Reasonable efforts to reform the two tax credit programs always get bottled up in the House.

Why? Jeffrey E. Smith. It’s that simple. The dollars, if you take the time to track them, tell the tale.

Mr. Smith is very good at what he does. He regularly gives his largest donations to the Republican speaker, but he also spreads the goodies to plenty of St. Louis-area Democrats. One of them is Sen. Jamilah Nasheed, who recently stood by the side of Lt. Gov. Peter Kinder, a Republican, urging Mr. Nixon to back down from his attempt to slow down the issuance of the credits.

Whether one supports the low-income housing program or not is hardly the point: There is no doubt the housing that Mr. Smith builds serves a population that needs it. But the credits are grossly inefficient. In 2007, the Post-Dispatch’s Virginia Young reported that only 35 cents of every dollar actually goes into building housing. The rest of it is shared by the tax-credit industry.

Mr. Smith is using Missouri’s opaque campaign finance laws to hide his outsized influence that allows him to pad his profits.

Secretary of State Jason Kander, a Democrat who was one of the forces behind the last ethics bill when he was in the House in 2010, unveiled his ethics bill last week, a 217-page proposal sponsored by Rep. Kevin McManus, D-Kansas City. The bill would close the committee-to-committee laundromat. It would reinstate campaign finance limits. It would limit the revolving door that allows lawmakers to cozy up to lobbyists to line up their next job even as they’re allegedly doing the people’s business. It would ban lobbyists’ gifts and create the crime of obstructing an ethics investigation.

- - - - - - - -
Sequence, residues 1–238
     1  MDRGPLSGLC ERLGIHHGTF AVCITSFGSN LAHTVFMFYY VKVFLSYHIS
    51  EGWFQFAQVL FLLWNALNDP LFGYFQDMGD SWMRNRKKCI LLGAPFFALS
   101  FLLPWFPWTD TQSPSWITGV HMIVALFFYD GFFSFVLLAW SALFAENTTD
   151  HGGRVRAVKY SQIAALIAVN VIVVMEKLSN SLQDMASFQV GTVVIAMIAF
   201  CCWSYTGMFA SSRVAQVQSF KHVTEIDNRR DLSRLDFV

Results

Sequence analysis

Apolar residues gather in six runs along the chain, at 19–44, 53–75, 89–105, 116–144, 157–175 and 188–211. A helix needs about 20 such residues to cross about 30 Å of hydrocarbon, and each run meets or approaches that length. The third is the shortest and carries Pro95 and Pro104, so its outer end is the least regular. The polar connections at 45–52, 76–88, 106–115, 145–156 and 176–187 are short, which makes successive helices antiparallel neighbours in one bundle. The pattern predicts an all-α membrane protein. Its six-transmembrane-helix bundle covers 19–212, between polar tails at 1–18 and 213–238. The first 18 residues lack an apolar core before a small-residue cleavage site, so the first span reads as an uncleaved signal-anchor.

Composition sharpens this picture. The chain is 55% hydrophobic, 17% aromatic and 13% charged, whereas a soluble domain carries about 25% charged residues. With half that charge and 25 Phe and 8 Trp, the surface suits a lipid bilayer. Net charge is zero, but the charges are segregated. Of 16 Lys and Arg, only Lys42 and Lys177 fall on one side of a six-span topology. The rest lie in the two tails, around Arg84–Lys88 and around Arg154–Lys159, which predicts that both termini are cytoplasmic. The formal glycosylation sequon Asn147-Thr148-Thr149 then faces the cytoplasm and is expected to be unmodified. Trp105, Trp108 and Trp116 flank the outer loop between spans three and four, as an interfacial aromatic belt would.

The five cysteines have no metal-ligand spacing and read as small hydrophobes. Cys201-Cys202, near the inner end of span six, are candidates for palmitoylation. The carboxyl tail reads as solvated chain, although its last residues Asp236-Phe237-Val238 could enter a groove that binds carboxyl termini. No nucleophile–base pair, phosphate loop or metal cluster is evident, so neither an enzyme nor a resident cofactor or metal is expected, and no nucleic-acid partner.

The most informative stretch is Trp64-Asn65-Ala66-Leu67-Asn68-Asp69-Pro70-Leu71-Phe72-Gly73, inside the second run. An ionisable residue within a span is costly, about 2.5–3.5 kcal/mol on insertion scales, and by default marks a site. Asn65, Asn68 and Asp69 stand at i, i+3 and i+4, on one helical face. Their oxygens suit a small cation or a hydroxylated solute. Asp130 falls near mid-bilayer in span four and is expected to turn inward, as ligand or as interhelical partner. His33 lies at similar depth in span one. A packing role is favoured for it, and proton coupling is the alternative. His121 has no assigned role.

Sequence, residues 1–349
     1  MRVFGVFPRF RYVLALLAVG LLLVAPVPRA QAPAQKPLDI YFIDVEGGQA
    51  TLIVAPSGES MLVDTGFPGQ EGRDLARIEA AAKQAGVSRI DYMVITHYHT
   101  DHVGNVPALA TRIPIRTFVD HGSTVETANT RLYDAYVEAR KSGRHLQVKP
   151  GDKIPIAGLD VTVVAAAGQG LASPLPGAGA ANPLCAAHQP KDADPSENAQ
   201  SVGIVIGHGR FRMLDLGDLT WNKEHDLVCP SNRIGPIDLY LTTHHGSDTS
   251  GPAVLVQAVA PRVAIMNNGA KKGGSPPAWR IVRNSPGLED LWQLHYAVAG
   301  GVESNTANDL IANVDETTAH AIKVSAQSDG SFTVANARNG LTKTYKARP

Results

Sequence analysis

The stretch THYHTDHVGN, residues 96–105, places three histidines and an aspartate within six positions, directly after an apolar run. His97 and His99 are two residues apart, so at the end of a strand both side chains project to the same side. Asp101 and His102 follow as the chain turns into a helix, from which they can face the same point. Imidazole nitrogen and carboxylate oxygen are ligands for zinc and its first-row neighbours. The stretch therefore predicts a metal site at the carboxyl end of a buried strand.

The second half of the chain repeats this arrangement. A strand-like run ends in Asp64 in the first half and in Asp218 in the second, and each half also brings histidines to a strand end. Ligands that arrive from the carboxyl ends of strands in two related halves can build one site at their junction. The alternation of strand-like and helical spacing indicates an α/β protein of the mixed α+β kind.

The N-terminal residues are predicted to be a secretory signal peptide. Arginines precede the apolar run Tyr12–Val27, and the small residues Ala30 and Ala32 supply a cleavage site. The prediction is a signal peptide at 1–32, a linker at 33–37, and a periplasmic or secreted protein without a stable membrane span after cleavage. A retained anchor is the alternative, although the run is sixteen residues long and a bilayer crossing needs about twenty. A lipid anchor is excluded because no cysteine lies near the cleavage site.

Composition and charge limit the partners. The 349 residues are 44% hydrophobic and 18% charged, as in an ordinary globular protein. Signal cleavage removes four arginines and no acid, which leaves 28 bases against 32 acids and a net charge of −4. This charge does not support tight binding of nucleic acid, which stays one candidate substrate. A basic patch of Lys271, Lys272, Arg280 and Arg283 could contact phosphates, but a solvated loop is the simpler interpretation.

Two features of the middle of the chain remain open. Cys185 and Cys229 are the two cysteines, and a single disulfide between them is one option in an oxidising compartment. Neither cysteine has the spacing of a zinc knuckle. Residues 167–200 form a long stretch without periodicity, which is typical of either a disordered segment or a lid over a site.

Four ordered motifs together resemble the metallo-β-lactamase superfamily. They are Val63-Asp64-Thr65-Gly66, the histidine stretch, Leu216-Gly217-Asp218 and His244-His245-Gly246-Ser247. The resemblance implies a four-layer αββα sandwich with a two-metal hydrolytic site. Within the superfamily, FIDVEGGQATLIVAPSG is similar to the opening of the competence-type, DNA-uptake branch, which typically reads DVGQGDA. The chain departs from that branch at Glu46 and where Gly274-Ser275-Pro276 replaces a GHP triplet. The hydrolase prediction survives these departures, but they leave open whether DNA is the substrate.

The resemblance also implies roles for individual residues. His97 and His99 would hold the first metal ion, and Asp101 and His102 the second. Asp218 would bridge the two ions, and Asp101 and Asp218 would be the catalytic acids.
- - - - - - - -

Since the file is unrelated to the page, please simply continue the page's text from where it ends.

In short, it would go a long way toward cleaning up the dirty business that is the passing (or blocking) of laws in the Missouri Legislature by any sneaky method imaginable.

You almost have to take your hat off to Mr. Smith. He makes more money by spending less than some other big donors. He gets nonprofits, and senior citizens and the disabled to fight his battles for him. He’s a smart man who has surely hidden more donations than we’ll ever be able to track.

And he wins. Every year, he wins.

Missouri lawmakers can even the playing field. They can open the books. They can create the transparency that they falsely claimed to have created when they decided to turn Missouri politics into the free-spending free-for-all it has become.

Or they can sit back and keep taking checks from outfits like the Coalition for Disability Rights, and pretend they don’t know the man in the private jet who is buying their silence.

Copyright St. Louis Post-Dispatch. Reprinted with permission.


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Comments

John Schultz January 21, 2014 | 9:32 a.m.

If the system is so opaque, how was the Post-Dispatch able to discern that Smith was the donator? And how many voters will actually check out who donates to candidates? I think transparency is good, but it's better for the media to enable investigation to inform the public, not for the public to do its own research.